Practice Makes Perfect! Learn About Your Medicines
Learning more about what your medications are used for will reinforce your adherence to your treatment plan. Learning about your medical conditions can be a strong motivator, too. This is especially important for conditions that have few, if any, symptoms to remind you it’s time to take your medicine – like high blood pressure.
Learning about side effects are important so you can recognize them if they occur. Many side effects with drug treatment are temporary, so be sure to ask your doctor about short-lived and more long-term side effects with any medication.
Pill boxes are an organization tool for your pills that can easily be found at most pharmacies. Pill boxes have been around for a long time, and are especially useful if you easily forget if you have taken your meds each day. Pill boxes are also very useful for people who take multiple medications each day and at different times.
Older patients may especially find pill boxes convenient to use. The boxes are split into individual sections that make-up a week’s worth of medicine, or more, and may even be separated by times of day. They can easily fit into travel bags or purses; however, don’t leave them in a hot car.
Electronic Applications and Pill Reminders
Apps to help patients remember and track their medication use are convenient tools for anyone who carries a smartphone. For example, the free Drugs.com Pill Reminder App can keep a complete list of all your medications. You can choose to get pill reminders to take your meds at a special time, and receive prescription refill reminders right on your mobile device. The Drugs.com Pill Reminder App even keeps a history of when you have (or have not) taken your meds.
You can also add personal notes and get easy access to important information about your medicine online such as side effects , dosage, drug interactions and safe use during pregnancy. If you like visual clues, you can add photos of your medications for easy reference. Plus, all the data is kept on your personal device only and is fully secure and private, for added peace of mind.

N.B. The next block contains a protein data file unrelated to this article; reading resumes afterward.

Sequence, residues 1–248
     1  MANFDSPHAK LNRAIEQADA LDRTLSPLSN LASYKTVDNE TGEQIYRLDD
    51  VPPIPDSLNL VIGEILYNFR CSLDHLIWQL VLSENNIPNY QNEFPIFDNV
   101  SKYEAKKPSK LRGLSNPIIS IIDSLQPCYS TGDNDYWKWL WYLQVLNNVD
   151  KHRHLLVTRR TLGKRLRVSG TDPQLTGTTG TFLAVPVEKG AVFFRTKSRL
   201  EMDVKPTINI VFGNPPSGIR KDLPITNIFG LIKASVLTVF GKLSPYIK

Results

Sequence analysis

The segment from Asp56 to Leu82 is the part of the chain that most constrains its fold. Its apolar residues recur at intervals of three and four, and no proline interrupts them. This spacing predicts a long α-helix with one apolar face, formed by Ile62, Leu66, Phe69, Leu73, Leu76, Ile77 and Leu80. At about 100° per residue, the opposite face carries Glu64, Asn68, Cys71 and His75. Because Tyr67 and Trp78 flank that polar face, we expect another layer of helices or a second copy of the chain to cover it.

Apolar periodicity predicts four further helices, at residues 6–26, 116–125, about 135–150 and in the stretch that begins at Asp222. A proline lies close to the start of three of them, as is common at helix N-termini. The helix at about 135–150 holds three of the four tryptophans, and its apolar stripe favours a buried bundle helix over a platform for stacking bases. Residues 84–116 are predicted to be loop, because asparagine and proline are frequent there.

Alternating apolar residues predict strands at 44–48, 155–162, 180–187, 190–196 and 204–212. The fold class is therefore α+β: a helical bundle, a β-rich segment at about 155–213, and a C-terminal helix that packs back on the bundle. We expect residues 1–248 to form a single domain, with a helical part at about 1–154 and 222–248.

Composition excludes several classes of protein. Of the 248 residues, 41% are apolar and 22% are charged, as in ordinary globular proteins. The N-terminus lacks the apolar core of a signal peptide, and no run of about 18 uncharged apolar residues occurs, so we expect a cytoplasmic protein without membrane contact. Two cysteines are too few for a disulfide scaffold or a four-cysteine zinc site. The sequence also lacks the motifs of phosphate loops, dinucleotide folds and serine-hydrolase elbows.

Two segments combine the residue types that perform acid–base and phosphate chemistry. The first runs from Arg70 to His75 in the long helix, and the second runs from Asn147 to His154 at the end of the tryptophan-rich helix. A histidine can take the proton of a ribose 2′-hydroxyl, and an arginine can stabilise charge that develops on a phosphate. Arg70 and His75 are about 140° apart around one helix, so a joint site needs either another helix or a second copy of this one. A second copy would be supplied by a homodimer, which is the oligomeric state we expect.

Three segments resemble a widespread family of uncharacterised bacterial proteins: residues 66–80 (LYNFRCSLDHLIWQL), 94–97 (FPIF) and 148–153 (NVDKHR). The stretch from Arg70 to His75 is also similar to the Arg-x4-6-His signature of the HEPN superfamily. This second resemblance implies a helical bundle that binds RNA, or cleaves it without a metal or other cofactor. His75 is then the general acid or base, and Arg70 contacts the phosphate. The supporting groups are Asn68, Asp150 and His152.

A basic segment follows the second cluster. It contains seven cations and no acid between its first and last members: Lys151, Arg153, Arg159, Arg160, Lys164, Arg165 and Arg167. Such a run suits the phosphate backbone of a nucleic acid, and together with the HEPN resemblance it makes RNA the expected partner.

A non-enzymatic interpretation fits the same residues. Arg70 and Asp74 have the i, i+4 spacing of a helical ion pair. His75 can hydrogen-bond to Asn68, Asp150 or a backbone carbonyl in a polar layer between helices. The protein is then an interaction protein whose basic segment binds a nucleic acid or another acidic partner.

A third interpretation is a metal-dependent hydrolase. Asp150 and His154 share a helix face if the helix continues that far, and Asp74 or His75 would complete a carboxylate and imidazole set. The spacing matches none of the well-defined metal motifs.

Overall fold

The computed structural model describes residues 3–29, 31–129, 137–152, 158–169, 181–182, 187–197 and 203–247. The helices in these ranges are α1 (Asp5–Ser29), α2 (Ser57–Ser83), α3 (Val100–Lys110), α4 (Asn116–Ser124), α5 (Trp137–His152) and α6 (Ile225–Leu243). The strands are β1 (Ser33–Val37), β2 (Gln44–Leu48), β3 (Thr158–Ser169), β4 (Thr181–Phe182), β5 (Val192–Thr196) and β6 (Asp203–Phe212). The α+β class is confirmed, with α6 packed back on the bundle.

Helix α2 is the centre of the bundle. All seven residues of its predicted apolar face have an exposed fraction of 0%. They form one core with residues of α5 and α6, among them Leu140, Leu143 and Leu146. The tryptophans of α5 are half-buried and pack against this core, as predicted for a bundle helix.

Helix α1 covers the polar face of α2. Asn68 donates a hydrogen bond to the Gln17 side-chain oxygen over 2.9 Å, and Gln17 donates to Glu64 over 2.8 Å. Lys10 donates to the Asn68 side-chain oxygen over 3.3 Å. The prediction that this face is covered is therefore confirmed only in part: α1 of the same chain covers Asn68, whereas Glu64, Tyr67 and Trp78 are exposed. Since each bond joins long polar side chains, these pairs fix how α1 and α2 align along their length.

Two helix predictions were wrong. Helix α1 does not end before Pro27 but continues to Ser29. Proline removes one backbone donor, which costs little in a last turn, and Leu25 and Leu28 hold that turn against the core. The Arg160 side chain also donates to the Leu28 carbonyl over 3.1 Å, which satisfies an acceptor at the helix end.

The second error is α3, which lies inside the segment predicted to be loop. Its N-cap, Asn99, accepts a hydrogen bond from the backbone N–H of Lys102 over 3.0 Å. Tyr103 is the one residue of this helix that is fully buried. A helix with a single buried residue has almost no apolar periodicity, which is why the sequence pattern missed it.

Maybe you prefer not to use a mobile device or just like the simple method of a calendar. Those are great tools, too. Mark your daily doses on a paper calendar at home, on your computer, or even in your little black book! Just be sure to update it frequently and mark through each dose as you take it, in case you forget from dose to dose.
Getting into a regular routine to help you remember to take your meds is really what’s most important. Find what works best for you.
Tie Your Medication Doses with a Daily Activity
You can tie your drug doses with a daily routine like breakfast time, after a shower, or when you get ready for bed. Keep your medications in easy-to-see (but secure) spots as a visual clue. Pretty soon taking your meds will be as routine as, well, brushing your teeth (and that might be a good time to take your meds, too).
Be sure you keep your medications in a safe and secure area, away from curious toddlers and pets. Protect your meds from extreme heat or cold, and don’t leave them in a steamy bathroom (where medicine cabinets are usually found, coincidentally!). Most medications are stable at room temperature, but under extreme conditions, they can lose their potency, crumble, or even melt.
If your medicine needs to be stored in the refrigerator, consider posting a sticky note reminder on the fridge as a reminder to grab it when it’s time.
Get Help from Family Members or Friends
Many friends and family take meds, and creating a team to help remind each other to take their doses can be helpful. If you live alone, maybe a friend would text you each morning or night, when they also take their meds. If a family member you live with also takes meds, you have a built in pill reminder right there at your house. Take advantage of it!
Seniors often need help to remember their medications. If you have a loved one that takes several meds, consider helping them create a pill box, printing out pictures of their pills from the Pill ID tool, and then writing in large print what each med is used for, and its name and dose. Place the pictures in a conspicuous place so that they can refer to the printouts when needed.
Large print on prescription bottles and for drug information printouts can be very helpful as older patients lose their eyesight. Your pharmacist can usually print out dosing and drug information in large type – so be sure to ask.